Dollie Kuri

How Does the Media Promote or Inhibit Civility in Our Society?

To be persuasive we must be believable; to be believable we must be credible; to be credible we
must be truthful. -Edward R. Murrow

With great power comes great responsibility. -Uncle Ben to Peter Parker (Spiderman)

     The media is not just important; it is critical to the success of our democracy. describes media as the "fourth pillar of democracy along with judiciary, executive and legislature" whose role is to "act against the injustice, oppression, misdeeds and partiality of our society and act as a watchdog to protect public interest against malpractice through public awareness."

     But it is clear that public trust in the media is near an all time low. A 2022 Gallup Poll showed that only 34% of Americans trust the media to report news "fully, accurately and fairly," and only 7% have "a great deal" of trust and confidence. This is just two points higher than the lowest ever rating which came during the 2016 presidential campaign. While it might be easy for some to blame these feelings on recent political issues (such as gun control/school shootings, vaccinations, critical race theory, book banning, overturning Roe v. Wade, etc.), the reality is that trust in the media has been slipping since 1976. 1976 happened to be the first presidential election year after the Watergate Investigation that was prominently played out in the Washington Post and other newspapers. I do believe that much of this distrust in the media has been exacerbated more recently by the widespread incivility we are seeing in the media, predominantly on television, through talk radio, and online via social media.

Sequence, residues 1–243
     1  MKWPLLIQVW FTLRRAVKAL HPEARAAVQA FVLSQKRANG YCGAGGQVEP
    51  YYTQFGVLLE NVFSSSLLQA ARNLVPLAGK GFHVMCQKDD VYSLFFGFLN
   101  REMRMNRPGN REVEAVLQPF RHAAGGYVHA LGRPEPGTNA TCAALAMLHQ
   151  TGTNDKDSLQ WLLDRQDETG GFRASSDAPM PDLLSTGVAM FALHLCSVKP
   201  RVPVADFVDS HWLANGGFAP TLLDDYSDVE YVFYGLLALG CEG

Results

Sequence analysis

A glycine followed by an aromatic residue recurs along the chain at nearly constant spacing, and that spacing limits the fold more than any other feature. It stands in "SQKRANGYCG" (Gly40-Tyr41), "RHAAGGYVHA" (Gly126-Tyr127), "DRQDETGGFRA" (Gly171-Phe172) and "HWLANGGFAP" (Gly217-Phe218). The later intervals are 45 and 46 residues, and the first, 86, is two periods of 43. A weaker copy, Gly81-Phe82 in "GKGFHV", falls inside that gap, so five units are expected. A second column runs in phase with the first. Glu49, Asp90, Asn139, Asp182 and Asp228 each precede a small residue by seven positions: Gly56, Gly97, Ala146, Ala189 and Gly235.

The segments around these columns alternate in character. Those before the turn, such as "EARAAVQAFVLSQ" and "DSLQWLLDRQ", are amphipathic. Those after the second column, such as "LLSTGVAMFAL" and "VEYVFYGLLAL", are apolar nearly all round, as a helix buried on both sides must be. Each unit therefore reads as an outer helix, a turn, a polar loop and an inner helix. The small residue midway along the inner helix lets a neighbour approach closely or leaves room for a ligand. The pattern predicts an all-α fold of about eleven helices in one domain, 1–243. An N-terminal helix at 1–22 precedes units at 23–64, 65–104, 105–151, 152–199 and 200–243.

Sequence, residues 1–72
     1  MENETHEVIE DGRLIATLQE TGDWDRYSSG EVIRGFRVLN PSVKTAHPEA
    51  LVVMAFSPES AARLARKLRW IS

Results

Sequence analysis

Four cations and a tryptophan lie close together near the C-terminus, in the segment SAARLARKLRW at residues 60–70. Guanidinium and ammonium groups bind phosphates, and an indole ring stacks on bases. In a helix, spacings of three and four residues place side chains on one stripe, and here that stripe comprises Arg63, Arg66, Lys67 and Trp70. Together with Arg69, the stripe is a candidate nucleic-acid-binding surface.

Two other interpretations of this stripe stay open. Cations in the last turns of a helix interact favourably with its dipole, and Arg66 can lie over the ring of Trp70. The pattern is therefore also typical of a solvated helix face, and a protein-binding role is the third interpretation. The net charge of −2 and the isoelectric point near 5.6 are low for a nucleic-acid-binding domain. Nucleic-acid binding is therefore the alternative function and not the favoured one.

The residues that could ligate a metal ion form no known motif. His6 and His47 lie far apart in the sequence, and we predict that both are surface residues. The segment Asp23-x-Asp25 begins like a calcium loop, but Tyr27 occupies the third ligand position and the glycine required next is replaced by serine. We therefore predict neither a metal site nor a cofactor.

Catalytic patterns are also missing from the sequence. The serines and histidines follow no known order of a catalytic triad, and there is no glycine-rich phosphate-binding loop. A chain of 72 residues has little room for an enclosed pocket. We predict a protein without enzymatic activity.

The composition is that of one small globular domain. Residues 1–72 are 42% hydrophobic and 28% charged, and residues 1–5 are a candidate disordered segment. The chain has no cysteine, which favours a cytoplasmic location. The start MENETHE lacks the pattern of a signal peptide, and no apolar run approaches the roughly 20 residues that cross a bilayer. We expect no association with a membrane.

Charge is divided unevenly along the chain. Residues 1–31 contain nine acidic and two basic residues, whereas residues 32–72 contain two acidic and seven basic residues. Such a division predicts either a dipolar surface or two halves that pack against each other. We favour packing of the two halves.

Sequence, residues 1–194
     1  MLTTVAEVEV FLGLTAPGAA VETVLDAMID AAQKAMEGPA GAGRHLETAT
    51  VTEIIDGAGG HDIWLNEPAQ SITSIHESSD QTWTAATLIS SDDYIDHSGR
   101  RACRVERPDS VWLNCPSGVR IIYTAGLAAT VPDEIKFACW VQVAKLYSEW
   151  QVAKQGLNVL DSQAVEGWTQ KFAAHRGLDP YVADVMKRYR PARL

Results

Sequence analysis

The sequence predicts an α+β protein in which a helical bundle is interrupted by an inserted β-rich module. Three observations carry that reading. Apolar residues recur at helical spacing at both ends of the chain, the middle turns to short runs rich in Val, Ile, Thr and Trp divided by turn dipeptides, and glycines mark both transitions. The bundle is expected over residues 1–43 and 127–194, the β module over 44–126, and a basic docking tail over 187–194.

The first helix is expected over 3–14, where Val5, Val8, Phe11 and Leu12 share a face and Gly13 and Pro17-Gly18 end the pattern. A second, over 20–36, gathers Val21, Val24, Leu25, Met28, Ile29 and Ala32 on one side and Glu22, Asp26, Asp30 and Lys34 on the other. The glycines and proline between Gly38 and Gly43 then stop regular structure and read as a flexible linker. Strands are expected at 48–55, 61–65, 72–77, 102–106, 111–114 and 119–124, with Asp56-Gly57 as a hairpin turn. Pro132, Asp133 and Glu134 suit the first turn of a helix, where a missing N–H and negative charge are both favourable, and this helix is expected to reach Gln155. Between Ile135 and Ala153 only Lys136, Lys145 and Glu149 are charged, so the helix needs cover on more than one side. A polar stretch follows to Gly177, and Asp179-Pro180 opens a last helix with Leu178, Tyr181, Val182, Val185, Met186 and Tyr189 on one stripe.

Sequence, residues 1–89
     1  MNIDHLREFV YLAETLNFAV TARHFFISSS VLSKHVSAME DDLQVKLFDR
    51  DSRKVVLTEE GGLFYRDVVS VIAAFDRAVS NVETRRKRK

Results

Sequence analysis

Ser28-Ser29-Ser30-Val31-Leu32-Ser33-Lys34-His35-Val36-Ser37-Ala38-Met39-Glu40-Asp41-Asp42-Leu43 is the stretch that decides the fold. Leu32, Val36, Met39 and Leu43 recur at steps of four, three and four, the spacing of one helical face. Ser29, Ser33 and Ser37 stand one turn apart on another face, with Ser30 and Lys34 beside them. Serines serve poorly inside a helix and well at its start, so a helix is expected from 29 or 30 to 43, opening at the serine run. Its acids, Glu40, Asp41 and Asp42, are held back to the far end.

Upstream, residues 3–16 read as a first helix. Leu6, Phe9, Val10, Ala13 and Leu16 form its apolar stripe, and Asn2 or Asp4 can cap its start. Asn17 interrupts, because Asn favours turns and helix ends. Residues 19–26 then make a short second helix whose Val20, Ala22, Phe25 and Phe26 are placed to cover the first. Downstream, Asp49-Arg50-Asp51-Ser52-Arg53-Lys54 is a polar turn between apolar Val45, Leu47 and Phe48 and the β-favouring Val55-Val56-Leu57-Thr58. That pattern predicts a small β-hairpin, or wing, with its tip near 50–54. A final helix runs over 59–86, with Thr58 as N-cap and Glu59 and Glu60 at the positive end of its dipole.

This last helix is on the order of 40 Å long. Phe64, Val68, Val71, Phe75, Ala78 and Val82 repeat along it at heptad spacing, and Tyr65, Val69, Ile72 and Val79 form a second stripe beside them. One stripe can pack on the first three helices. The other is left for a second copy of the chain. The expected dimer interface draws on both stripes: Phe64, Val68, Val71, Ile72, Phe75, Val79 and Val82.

The purpose of media (according to a recent article in Medium) is best defined by the roles they play in society: to educate, inform and entertain through news, features, and analysis in the press. However, not all media lives up to this calling and some actively work against it. From my perspective, these media outlets promote incivility and have sacrificed education and information for revenue and viewership. It is no wonder that the media feeds into a cycle of incivility by using the aggressive promotion of counter viewpoints through disrespectful arguments, posts or commentary that are incendiary and mean-spirited, and opportunities for anonymous comments or responses.

     It is important, though, to understand that while the media plays a hand in the civility of our society, the citizenry is equally as responsible. The media is simultaneously a role model for and mirror to our society. As media becomes less civil, that prompts viewers to be less civil, then the media coverage of our society appears even less civil, and it continues in this vicious cycle. Trust and incivility seem to have an inversely proportional relationship. As trust in the media goes down, incivility within the media seems to be increasing.

     I saw this spiral play out first-hand in the school board meetings in my district. While the mainstream media seemed consistent in reporting the potential impact of COVID-19; the growing transmission rates, the health implications, and the benefits of masking, there emerged a clear lack of trust in what the media was saying. And this distrust was often fueled by other "media'' outlets. At one of these meetings, I heard the mother of a child with a chronic disease, sobbing at a podium, begging the administration to keep her family safe. The next father to speak began with, "I don't care about any other children in the school district except my own." Neighbors were yelling at one-another, and people called our elected officials un-American and compared them with the Nazi Gestapo. Watching this unfold solidified for me how a lack of trust in the media can lead to increased incivility. I could tell these people were not acting this way on their own. They were mimicking phrases and statements they heard through the media. I watched a health and safety issue unfold into a vitriolic, political one fueled by segments of the media.